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Some Pros and Cons of Spring Training

Some Pros and Cons of Spring Training

By Derek McAdam

April 1, 2022


Welcome to April! In just under a week, Major League Baseball will begin the regular season and fans will have seven months of baseball to look forward to after a lockout that could have potentially canceled several months’ worth of baseball, if not the entire season.

But this is not about the regular season. In fact, with Spring Training wrapping up, I wanted to list a few of the pros and cons that come with the “pre-season.” This can relate to the Yankees but goes for all of baseball in general and is not a list of all pros and cons.

Pro: It Gets Players Ready For the Important Games

There is no doubt that the big reasoning behind Spring Training is to get the players ready for the long season. Players have spent the past few months heading into February resting their bodies, getting any clean-up surgeries and continuing to condition for the next baseball season.

But if there isn’t a Spring Training, players would walk into the regular season looking sluggish all around. For some players, it even takes a few weeks of the regular season to get into the groove. Imagine if there wasn’t a Spring Training for these players.

This is an obvious pro that doesn’t need much of an explanation.

Con: What Do You Make of the Highs and Lows?

Some players have a reputation of having an excellent Spring Training, but then drop off once the regular season begins. If Major League players are not hitting the ball well against Single-A and Double-A pitchers, there may be a bit of a problem, right?

What if a player gets off to a rough start? Is he just trying to get the feel for the game again and has some hiccups along the way? It’s possible. He may even have an injury that he’s trying to work through or have to make adjustments against live pitching from last season.

The point I’m trying to get across is that statistics from Spring Training can be taken a little too seriously sometimes. Yes, we want to celebrate the highs, but we have to remember the competition the players are facing. We don’t want to always be too harsh with players at their lows, because it’s a time of getting used to the game again.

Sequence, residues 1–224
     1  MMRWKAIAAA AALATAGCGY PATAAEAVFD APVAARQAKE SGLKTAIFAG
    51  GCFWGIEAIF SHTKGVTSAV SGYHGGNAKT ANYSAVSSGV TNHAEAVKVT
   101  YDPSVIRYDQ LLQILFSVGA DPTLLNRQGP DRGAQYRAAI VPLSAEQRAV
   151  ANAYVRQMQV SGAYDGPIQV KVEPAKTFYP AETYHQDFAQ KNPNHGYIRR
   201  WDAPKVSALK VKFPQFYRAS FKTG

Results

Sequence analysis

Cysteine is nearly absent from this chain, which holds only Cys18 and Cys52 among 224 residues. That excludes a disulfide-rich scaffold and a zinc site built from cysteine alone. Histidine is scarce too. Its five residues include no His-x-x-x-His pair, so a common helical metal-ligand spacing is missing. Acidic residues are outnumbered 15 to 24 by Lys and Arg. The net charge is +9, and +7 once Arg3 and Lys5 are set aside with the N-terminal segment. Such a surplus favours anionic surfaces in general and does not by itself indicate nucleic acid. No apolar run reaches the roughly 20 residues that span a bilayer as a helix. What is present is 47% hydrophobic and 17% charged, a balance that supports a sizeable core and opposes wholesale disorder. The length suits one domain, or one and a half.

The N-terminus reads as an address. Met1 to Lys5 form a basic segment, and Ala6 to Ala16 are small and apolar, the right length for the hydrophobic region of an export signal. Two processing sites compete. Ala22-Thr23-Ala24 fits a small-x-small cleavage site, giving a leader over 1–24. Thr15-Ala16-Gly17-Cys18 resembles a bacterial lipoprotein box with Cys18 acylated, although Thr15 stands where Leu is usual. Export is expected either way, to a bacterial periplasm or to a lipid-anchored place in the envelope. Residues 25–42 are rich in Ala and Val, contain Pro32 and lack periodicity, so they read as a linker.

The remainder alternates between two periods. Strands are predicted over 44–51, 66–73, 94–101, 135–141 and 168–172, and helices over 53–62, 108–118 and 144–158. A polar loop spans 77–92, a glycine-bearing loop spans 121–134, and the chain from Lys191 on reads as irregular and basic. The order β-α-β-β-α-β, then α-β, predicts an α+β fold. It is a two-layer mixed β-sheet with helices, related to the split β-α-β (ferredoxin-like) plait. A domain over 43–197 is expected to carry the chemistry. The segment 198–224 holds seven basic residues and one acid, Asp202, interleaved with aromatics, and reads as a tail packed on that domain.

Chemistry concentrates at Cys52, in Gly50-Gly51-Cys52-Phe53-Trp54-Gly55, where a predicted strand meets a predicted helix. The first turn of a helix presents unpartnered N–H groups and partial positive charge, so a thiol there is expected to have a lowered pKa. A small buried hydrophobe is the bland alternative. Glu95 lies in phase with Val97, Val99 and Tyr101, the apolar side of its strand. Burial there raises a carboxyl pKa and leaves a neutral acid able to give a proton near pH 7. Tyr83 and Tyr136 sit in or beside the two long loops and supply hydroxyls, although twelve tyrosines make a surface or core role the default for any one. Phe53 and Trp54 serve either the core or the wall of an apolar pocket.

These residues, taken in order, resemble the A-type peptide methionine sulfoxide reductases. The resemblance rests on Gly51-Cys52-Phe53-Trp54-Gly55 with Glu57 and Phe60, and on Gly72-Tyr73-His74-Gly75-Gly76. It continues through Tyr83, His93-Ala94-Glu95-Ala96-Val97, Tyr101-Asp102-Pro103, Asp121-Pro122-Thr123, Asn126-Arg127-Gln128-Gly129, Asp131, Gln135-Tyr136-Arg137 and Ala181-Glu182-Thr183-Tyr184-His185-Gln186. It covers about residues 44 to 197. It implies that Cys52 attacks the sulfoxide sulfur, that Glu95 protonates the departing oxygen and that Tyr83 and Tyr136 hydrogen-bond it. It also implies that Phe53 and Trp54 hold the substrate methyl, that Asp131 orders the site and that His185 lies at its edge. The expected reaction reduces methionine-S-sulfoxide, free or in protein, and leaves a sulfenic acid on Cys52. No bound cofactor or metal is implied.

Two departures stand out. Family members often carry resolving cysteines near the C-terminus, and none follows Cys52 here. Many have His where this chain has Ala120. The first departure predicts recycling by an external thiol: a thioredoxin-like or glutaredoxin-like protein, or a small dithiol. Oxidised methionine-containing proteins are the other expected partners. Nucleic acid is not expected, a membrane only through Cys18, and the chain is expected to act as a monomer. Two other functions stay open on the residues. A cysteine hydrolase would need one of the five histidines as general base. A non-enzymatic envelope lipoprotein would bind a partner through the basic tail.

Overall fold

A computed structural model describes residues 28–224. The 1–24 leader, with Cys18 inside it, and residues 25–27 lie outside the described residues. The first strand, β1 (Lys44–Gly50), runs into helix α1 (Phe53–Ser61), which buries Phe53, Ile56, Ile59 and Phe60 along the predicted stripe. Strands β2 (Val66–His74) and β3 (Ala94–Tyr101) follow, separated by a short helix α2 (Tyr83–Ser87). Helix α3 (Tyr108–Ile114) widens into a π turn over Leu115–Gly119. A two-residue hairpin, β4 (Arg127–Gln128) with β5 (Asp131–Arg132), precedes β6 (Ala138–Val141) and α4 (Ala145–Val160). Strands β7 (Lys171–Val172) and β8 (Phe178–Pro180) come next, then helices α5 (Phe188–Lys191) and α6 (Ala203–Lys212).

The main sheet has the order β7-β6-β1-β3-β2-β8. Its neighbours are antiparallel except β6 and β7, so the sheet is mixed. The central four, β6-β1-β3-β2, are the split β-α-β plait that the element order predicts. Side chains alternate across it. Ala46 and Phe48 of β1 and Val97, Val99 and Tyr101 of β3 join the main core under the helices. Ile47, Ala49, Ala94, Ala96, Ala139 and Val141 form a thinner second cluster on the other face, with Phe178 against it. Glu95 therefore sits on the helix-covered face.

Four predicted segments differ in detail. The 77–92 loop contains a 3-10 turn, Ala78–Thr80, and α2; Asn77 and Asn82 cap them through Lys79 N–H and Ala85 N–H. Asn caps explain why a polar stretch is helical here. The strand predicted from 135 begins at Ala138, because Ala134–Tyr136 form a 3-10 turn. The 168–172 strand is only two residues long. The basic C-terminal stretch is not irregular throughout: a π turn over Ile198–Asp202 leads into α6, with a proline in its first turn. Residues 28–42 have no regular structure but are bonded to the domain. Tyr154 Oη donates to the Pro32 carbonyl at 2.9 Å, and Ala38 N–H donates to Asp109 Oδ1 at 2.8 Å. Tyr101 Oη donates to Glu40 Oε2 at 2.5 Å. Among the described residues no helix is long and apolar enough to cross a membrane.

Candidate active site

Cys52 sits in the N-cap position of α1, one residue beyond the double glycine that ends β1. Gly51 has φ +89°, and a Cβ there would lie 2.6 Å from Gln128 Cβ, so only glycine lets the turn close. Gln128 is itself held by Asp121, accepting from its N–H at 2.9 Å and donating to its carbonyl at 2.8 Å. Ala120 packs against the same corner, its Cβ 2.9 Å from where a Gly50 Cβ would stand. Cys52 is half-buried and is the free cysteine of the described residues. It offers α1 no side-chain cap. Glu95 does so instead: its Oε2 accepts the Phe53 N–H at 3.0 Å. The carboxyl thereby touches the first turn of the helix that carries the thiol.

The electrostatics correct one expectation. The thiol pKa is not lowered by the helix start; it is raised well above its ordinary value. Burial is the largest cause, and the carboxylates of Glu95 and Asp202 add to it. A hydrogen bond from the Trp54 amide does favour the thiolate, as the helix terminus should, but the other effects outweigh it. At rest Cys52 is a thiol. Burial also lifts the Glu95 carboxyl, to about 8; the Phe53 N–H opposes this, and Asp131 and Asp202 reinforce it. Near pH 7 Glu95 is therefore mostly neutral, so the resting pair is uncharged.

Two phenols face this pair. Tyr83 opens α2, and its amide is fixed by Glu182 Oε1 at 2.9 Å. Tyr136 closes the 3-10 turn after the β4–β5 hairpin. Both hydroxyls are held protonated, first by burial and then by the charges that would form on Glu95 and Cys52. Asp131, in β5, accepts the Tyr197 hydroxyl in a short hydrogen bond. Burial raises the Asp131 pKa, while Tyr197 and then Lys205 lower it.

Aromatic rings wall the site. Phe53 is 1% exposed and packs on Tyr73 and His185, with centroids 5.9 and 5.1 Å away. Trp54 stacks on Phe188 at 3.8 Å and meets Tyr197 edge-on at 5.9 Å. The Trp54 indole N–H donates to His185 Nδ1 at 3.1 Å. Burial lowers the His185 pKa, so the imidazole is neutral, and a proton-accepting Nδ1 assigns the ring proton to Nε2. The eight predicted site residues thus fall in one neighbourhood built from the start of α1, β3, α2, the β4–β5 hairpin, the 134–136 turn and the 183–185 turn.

Pro: It’s a Showcase For Players On the Fence

There are always several players on every team that have a question mark next to their name regarding whether or not they’ll make the Opening Day roster. That’s why Spring Training is so valuable for these particular players.

Some players on the Yankees such as Clarke Schmidt, Marwin Gonzalez, Tim Locastro and Luis Gil are relying on solid Spring Training performances in hopes they will make the roster. But there will be around four to five players on each team that will see the disappointing day when it’s decided they will not make the Opening Day roster.

Con: There’s Always a Risk for Major Injury

This is always an issue if there is on-the-field competition, but it is a very big problem if a player cannot play for any amount of regular-season games because of an injury sustained during Spring Training.

This has been a major problem in football, where players sustain season-ending injuries during Training Camp or the pre-season and are forced to sit on the sidelines for the entire year.

While in baseball it is not as common to see major injuries during Spring Training, it is always a possibility. When this happens, there seems to be a cry to shorten the length of Spring Training. When emotions are running high, this is expected. But it’s not something that baseball is concerned about doing.


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